DONATE: In “Outrageous” Dimock Ruling, Federal Judge Sets Aside Unanimous Jury Award of $4.2 Million For Water Contamination Caused By Cabot Oil & Gas




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Alex Lotorto

Shale Gas Program Coordinator

Energy Justice Network



Leslie Lewis

Plaintiff Attorney



In “Outrageous” Ruling, Federal Judge Sets Aside Unanimous $4.2 Million Jury Award For Water Contamination Case Against Cabot Oil & Gas



Screen shot 2017-03-31 at 7.19.01 PM

Courtesy of Les Stone Photography (use with credit)

(Scranton, Pa.) – A federal judge has set aside a 2016 jury verdict and $4.24 million jury award to two couples from Dimock, Pennsylvania after the jury unanimously found Cabot Oil and Gas negligent for contaminating their well water during drilling for natural gas.

U.S. Magistrate Judge Martin C. Carlson threw out the award and ordered a new trial unless the parties can come to a settlement.

The plaintiffs in the case are Nolen “Scott” Ely and his family, and Ray Hubert and his family who live next to the Elys. The Ely family has lived in Dimock since the 1800’s.

Scott Ely said “The judge heard the same case that the jury heard and the jury was unanimous. How can he take it upon himself to set aside their verdict? It’s outrageous.”

The Dimock federal civil litigation, which began under the caption Norma Fiorentino, et al., v. Cabot Oil and Gas Corporation and Gassearch Drilling Services, Inc. in 2009, and concludes under the caption, Nolen Scott Ely, et al., v. Cabot Oil and Gas Corporation, had its final verdict in United States District Court of the Middle District of Pennsylvania, located in Scranton, PA.

The panel awarded Mr. and Mrs. Ely $2.6 million and their three children $50,000 each. The Huberts were awarded $1.4 million, while another of their family members was awarded $50,000.

Leslie Lewis, attorney for the Dimock families said, “This decision marks another dark chapter for the victims of water contamination from gas drilling operations.  Plaintiffs do not believe that the Court’s decision fairly reflects the record, or the totality of what transpired in the courtroom over the ten day trial.  Upon a first review of the decision, it appears that the Court made no reference to the evidence and arguments contained in Plaintiffs thoroughly-reasoned and legally-based papers. Plaintiffs reject the Court’s conclusion that Cabot was robbed of a fair trial or that the unanimous, eight- person jury verdict was excessive.  Respectfully, this is not so.”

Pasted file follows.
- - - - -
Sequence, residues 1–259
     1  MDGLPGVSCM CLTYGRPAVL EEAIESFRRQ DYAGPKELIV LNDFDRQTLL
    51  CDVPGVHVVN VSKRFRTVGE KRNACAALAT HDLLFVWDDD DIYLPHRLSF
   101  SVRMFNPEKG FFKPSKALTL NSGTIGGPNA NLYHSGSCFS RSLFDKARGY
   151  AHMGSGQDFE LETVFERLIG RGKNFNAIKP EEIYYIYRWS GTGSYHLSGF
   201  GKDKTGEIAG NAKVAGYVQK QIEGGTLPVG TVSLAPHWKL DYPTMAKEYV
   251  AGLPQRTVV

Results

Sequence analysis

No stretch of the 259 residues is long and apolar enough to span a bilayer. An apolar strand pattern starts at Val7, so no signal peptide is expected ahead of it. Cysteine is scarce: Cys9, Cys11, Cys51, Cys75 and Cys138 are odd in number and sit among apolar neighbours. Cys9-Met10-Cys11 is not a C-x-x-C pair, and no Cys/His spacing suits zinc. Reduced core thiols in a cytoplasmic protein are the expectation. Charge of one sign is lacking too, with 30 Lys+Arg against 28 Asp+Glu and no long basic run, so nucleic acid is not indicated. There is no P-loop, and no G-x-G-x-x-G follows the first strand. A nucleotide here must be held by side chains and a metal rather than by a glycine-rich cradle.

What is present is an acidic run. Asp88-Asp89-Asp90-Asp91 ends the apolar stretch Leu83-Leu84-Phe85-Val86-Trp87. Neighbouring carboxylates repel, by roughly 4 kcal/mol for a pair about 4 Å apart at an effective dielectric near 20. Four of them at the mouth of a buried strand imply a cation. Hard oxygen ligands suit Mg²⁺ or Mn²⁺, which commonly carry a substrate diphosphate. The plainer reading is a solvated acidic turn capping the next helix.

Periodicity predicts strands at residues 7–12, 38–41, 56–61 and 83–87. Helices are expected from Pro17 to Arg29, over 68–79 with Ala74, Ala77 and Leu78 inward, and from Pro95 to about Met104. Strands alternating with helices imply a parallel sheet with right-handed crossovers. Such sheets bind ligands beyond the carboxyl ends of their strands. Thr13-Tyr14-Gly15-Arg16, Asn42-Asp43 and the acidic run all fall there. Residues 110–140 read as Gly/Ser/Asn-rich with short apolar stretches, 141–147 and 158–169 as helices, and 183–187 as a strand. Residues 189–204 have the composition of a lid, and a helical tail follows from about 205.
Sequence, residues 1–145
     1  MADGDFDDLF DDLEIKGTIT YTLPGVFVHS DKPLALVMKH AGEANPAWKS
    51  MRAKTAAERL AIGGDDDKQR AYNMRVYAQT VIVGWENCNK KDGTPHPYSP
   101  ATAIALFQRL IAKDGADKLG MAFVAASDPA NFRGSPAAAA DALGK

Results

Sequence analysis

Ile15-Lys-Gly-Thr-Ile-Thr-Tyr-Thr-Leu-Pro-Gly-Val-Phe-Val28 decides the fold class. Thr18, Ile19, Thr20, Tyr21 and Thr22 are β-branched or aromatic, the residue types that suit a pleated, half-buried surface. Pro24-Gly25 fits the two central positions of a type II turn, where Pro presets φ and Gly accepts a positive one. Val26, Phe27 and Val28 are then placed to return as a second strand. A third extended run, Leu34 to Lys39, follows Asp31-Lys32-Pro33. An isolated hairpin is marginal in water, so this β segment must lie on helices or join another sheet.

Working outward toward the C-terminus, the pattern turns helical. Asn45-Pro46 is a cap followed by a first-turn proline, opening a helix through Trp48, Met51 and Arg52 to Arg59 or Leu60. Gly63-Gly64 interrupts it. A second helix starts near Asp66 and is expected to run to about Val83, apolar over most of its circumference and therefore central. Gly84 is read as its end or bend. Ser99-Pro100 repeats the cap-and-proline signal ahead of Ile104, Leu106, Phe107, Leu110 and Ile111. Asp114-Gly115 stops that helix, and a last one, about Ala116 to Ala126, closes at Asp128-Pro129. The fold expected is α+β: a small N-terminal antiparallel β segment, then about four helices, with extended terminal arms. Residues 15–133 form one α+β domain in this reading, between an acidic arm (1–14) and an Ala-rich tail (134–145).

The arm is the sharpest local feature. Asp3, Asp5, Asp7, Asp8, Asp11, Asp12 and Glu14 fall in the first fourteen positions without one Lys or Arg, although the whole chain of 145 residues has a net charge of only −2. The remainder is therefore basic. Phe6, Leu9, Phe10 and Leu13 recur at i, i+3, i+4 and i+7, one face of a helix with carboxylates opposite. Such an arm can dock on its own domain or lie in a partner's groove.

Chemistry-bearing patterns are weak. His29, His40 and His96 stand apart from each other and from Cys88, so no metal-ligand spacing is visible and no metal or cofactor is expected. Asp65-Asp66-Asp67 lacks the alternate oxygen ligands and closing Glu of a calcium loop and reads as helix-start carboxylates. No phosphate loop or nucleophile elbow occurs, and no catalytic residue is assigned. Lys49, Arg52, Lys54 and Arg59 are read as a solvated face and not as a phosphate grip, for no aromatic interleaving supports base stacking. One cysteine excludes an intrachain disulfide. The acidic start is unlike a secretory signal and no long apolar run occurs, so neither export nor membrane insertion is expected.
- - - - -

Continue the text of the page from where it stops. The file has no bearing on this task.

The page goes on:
Alex Lotorto, Shale Gas Program Coordinator for Energy Justice Network, said, “No matter the outcome of the case, both families have beautiful children which is their greatest wealth. A jury of northeast Pennsylvanians decided their neighbors deserved justice, and there will be justice.”

Except for a two year period when Cabot supplied these plaintiffs with water, since 2008, the Elys and Huberts have been living without reliable access to water and under rationing conditions.  To survive day to day, these families haul water at their own expense every week for drinking, bathing and other daily basics.

Beginning in the fall of 2008, Dimock families noticed problems with their drinking water, and began to experience rashes, nausea, headaches and dizziness. A trigger point to the litigation was the explosion of Norma Fiorentino’s private water well on New Year’s Eve, December 31, 2008 due to methane gas accumulation in the well head.

The case eventually included 22 families from Dimock and Springville Townships in Susquehanna County, Pennsylvania, who sought fair compensation for damages to their property and their lives caused by Cabot’s failed natural gas drilling operations.

The travails of these plaintiffs, as well as those of other Dimock families, have been chronicled in the HBO documentaries, Gasland I and Gasland II.

The federal case number is 3:09-cv-02284-MCC.

Energy Justice Network, a nonprofit based in Philadelphia fiscally sponsored the legal fund for the case and have been working with the family since 2009. The website for the shale gas program is